A LEADING scientist has called for tighter regulation of the way cooling towers are maintained to prevent future outbreaks of legionnaires’ disease.
Professor Hugh Pennington said the Scottish Government should be investing more money in ensuring cooling towers were properly cleaned to avoid the huge costs of dealing with a large-scale outbreak.
Three people died and more than 100 were suspected to have caught the disease following an outbreak in the Capital earlier this year. The source is widely believed to have been a cooling tower in the Gorgie/Dalry area of the city.
There has been growing pressure for a public inquiry into the outbreak, a move which has now been backed by Prof Pennington, who believes it will provide important lessons for the future.
His call was prompted by information from the Chartered Institute of Environmental Health, which suggested it would be “optimistic” to assume inspections were held even once a decade at the hundreds of cooling towers in the UK.
“It’s a nasty bug, the infection is preventable and it’s a very expensive thing to treat when it happens,” he said. “Spending more money on the regulatory side, making sure businesses have their cooling towers in order, would be money well spent.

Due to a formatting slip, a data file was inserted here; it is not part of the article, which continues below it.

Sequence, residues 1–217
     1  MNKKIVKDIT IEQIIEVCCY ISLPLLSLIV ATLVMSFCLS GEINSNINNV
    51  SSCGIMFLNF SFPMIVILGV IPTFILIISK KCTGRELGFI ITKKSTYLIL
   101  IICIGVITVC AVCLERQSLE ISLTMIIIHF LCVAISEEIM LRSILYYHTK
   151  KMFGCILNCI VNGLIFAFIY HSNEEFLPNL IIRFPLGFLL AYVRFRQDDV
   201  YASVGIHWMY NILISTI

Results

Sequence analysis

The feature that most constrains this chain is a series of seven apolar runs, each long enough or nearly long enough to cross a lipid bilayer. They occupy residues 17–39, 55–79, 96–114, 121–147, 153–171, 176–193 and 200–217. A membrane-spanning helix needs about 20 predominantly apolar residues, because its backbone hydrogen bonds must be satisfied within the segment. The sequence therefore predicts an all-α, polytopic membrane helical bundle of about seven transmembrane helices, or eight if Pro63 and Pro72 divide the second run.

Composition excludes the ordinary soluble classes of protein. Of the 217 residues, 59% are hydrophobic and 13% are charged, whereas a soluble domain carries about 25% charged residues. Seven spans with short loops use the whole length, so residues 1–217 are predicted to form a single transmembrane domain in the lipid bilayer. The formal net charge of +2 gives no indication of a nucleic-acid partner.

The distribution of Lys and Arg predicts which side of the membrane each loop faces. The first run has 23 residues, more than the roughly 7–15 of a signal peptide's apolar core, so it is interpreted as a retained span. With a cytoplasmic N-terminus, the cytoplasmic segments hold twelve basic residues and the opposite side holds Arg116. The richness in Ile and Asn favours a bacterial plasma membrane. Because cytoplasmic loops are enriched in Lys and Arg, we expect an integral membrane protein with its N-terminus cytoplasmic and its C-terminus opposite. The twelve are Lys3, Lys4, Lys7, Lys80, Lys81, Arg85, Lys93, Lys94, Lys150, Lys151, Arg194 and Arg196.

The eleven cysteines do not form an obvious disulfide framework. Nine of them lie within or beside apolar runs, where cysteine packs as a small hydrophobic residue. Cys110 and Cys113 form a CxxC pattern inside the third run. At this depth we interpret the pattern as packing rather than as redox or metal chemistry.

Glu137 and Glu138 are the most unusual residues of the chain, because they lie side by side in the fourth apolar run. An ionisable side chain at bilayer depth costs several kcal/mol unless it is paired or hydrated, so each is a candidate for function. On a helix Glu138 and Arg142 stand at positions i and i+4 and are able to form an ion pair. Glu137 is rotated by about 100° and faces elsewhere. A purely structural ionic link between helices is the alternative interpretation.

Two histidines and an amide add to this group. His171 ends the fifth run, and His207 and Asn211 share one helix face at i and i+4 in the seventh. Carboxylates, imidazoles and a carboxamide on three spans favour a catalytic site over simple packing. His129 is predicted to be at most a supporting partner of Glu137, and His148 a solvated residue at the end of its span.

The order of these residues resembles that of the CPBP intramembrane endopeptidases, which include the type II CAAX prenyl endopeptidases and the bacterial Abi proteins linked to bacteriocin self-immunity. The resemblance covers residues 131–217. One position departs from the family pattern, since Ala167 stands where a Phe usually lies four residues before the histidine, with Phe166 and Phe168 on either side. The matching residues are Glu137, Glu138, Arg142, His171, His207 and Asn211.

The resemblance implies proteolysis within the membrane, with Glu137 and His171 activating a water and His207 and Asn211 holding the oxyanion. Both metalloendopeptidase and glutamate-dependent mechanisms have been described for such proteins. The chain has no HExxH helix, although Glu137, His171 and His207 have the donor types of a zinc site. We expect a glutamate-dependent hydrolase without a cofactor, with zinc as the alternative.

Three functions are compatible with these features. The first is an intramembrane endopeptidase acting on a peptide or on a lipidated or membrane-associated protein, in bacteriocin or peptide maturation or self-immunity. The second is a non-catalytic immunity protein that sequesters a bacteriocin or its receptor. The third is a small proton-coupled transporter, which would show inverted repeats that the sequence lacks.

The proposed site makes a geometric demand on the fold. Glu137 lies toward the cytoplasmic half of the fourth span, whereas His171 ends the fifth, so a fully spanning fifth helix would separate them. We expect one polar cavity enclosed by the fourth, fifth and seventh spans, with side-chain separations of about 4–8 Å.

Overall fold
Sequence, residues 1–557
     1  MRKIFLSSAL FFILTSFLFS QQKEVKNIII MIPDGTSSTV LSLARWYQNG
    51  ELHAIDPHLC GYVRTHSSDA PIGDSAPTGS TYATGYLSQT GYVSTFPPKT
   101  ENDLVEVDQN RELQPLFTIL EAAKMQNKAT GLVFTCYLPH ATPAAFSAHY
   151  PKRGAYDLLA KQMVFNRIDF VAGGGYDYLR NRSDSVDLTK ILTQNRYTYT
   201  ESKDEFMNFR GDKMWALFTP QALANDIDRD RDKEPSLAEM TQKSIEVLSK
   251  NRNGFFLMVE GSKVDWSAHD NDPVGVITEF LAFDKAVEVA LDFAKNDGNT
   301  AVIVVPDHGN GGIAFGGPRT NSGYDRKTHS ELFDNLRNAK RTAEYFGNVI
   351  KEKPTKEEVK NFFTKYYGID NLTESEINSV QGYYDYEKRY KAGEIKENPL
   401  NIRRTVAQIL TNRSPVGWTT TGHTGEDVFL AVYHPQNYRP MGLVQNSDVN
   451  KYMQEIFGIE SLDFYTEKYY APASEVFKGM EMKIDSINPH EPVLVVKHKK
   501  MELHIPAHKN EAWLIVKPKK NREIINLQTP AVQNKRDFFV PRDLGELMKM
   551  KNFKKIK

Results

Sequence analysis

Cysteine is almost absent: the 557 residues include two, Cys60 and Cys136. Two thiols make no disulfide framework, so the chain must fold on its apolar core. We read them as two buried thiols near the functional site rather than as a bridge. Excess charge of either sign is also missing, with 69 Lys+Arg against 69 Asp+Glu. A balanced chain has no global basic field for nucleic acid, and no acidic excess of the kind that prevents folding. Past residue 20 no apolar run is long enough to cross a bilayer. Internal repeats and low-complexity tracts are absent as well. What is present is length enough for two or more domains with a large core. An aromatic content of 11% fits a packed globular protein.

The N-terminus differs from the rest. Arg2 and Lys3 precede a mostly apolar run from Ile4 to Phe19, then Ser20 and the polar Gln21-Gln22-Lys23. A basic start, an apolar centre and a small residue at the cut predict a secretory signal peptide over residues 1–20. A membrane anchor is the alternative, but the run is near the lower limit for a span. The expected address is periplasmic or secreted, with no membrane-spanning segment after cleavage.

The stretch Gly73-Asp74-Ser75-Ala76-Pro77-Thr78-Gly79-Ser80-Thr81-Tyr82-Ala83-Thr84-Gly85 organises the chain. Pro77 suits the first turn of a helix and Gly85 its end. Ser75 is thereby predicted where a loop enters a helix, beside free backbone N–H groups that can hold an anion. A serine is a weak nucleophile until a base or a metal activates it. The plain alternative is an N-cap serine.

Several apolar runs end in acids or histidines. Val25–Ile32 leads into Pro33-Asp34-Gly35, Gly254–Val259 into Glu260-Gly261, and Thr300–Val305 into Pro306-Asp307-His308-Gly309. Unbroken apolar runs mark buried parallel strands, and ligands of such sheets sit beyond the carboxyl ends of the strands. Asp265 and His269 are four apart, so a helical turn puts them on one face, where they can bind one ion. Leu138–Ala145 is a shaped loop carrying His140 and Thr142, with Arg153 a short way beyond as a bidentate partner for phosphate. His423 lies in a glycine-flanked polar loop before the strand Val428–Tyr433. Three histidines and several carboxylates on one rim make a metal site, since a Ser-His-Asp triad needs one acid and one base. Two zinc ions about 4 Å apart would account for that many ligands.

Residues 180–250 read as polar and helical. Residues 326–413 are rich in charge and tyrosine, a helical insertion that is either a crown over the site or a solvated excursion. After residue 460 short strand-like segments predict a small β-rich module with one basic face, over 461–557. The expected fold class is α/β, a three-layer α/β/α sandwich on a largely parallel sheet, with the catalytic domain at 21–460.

Prof Pennington, emeritus professor of bacteriology at the University of Aberdeen, added: “Something went badly wrong in Edinburgh. A public inquiry would be the most effective way to establish the facts and to prevent yet more outbreaks.”
His call has been backed by the Scottish Labour Party, whose health spokeswoman, Jackie Baillie, said: “Prof Pennington’s intervention is significant and his authoritative voice should be a reason for the Scottish Government to pause and reflect on their decision not to have an independent inquiry into this outbreak.
“There are real fears that the inspection regimes that the Health and Safety Executive and local authorities have are inadequate and are failing to protect citizens from these fatal outbreaks.”
Scottish Conservative health spokesman Jackson Carlaw said: “Clearly the 100-plus people who were affected, not to mention the families of those who died, need answers. A one-off problem caused significant levels of ill-health and public alarm, and we need to try and ensure it doesn’t happen again.
“It is critical that any investigation is transparent, wide-ranging and speedy.”
A Scottish Government spokeswoman said: “It would be entirely inappropriate to comment on a public inquiry at this time. The Health and Safety Executive is continuing its inquiries and any consideration of a public inquiry would have to wait until their investigations are complete.”